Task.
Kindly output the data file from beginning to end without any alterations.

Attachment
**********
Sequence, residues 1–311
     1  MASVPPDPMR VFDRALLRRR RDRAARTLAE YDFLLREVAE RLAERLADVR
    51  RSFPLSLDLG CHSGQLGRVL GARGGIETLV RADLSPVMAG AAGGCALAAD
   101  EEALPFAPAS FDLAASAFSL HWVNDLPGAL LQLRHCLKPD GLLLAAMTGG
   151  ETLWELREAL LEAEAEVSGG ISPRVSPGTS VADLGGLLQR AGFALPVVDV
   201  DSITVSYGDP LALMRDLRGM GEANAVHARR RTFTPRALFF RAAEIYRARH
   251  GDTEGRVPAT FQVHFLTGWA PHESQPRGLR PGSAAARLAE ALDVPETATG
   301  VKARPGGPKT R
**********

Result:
Sequence, residues 1–311
     1  MASVPPDPMR VFDRALLRRR RDRAARTLAE YDFLLREVAE RLAERLADVR
    51  RSFPLSLDLG CHSGQLGRVL GARGGIETLV RADLSPVMAG AAGGCALAAD
   101  EEALPFAPAS FDLAASAFSL HWVNDLPGAL LQLRHCLKPD GLLLAAMTGG
   151  ETLWELREAL LEAEAEVSGG ISPRVSPGTS VADLGGLLQR AGFALPVVDV
   201  DSITVSYGDP LALMRDLRGM GEANAVHARR RTFTPRALFF RAAEIYRARH
   251  GDTEGRVPAT FQVHFLTGWA PHESQPRGLR PGSAAARLAE ALDVPETATG
   301  VKARPGGPKT R